I have a further thought for you: open loops use up spoons.
It’s not as far-fetched as it sounds. The amount of mental and emotional energy it takes to remain aware of but not address your closed loops is non-zero. It takes effort. Think of it this way: every unclosed loop has a spoon in it. Just keeping the loop open as it were. This happens in real life. I am constantly leaving spoons in containers of things I use regularly because it’s more convenient to keep the spoon there than clean it and use a fresh spoon next time.
But emotional spoons keeping open loops is not a convenience. You can’t just will those loops away. I have books I remember half-reading in my childhood that still weigh on me: we never finished “My Side of the Mountain” in English class and the lack of closure still weighs on me just a little.
Why am I writing about this? Well, over the last little while I have closed some loops and recovered some spoons I had forgotten in their containers. It was such an amazing feeling I thought I would share this with you in the hopes you could go collect some of your spoons as well.
Now, I should start by saying I have a very high capacity of spoons. I am privelaged to be able to cope with a lot of stuff. So much so that I think I often seek complexity out. My calendar at work looks like some kind of abstract art with all the meetings I am scheduled in, and those moments where I don’t have meetings I get phone calls – sometimes I get phone calls during meetings too.
So, when I say that sometimes I have so few spoons I struggle to get dressed in the morning, I am not asking for some kind of sympathy. I am just reinforcing our shared experience: we all run out of spoons eventually, if too much stuff is going on. We all have our capacity, and it’s dangerous to overtax ourselves.
For me at the moment, I am working on about half a dozen projects at work, but three are quite significant. There’s a huge data-oriented project for a very difficult client underway and I have been worried for months now about the performance of a particular part of the system. It just wasn’t right. I have been chipping away at it mentally for weeks now and despite the fact that I have been trying not to work on the weekends, it’s always hard to enjoy weekends because there’s something hanging over you like the sword of Damocles. That thing you know you should be doing, that’s just not done. It’s unfinished, it gnaws at you like an open bottle of milk, expiring slowly on the counter.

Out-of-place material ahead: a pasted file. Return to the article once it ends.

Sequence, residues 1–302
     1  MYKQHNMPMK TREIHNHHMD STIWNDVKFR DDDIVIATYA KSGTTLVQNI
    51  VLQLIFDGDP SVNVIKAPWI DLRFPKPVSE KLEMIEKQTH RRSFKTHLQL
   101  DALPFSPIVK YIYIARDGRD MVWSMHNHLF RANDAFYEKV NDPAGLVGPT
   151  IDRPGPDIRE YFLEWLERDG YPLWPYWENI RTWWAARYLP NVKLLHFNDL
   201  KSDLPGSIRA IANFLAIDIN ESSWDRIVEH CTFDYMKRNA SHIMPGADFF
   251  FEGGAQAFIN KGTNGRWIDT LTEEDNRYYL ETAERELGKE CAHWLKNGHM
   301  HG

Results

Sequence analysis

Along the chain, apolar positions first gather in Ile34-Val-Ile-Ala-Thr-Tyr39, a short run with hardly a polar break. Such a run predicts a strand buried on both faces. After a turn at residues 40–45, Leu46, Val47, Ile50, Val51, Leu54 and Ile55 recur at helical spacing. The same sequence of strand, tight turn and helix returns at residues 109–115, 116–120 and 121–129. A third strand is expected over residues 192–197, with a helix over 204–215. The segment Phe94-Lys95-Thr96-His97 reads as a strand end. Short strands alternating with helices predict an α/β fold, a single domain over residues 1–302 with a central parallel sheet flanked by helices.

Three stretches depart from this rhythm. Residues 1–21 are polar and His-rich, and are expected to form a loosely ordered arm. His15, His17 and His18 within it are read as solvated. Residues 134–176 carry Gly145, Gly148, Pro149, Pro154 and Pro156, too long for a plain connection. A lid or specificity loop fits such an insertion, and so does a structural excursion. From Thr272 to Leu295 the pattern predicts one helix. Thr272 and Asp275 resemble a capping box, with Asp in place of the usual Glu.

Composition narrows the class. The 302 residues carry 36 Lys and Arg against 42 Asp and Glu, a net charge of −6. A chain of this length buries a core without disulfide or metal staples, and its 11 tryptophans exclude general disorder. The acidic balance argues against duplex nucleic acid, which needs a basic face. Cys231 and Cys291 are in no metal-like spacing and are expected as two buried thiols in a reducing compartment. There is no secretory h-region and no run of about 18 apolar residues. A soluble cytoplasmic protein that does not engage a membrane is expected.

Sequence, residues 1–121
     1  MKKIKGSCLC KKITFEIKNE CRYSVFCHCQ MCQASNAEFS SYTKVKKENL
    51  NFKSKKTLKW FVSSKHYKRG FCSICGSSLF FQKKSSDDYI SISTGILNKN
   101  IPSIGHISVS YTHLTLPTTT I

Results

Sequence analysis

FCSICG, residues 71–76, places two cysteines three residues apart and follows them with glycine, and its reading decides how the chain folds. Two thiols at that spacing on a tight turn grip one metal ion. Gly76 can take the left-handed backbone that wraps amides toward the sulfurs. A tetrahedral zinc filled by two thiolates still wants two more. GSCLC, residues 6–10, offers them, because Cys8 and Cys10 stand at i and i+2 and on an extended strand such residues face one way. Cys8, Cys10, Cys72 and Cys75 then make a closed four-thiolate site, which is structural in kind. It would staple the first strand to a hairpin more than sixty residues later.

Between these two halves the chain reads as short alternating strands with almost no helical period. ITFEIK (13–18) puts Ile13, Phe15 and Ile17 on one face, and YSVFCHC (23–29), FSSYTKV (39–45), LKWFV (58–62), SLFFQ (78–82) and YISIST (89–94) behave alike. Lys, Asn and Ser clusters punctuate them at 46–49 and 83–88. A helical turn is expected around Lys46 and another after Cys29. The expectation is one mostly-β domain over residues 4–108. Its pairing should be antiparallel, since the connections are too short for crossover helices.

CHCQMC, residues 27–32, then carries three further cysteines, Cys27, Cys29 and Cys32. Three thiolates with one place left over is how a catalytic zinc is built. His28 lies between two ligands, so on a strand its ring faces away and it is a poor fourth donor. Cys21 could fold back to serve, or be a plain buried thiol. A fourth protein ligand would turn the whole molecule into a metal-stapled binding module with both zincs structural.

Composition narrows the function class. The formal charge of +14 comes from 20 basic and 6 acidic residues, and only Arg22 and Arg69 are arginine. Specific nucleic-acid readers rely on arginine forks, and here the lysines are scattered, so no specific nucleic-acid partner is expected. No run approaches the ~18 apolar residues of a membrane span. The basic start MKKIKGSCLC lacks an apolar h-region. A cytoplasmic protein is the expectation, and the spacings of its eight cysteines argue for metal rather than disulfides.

Well, Friday morning I sorted it. I implemented a solution I was finally confident in. The sense of relief and closure that gave me provided me with enough spoons to tackle another issue that had been bugging me on a different project. I solved a problem that I have been thinking about for well over a year. It only took me 4 hours, but I could never have done it without enough mental capacity.
I believe closing loops can have a domino effect. You close a loop (use up the sugar in the bag) and reclaim a spoon. You can now re-purpose that spoon for addressing the next loop, and so on. This can be a virtuous cycle if you can game the system.
So, here then, dear reader, is my advice:
If you’re feeling low on spoons, do your best to close some loops.
OK, I know what you’re thinking: the whole point is you don’t have the spoons, how can you do anything without the spoons in the first place?
Well, the funny thing is, you can get a little bit of quarter teaspoon back by creating and closing little loops. When I am low on energy I tell myself “OK, you’re going to get up and have some breakfast, then you’re going to have a coffee”. Turning mundane things you were going to to anyway into a loop allows you to chalk them up as a “win”. Sometimes, for me, winning is putting socks on.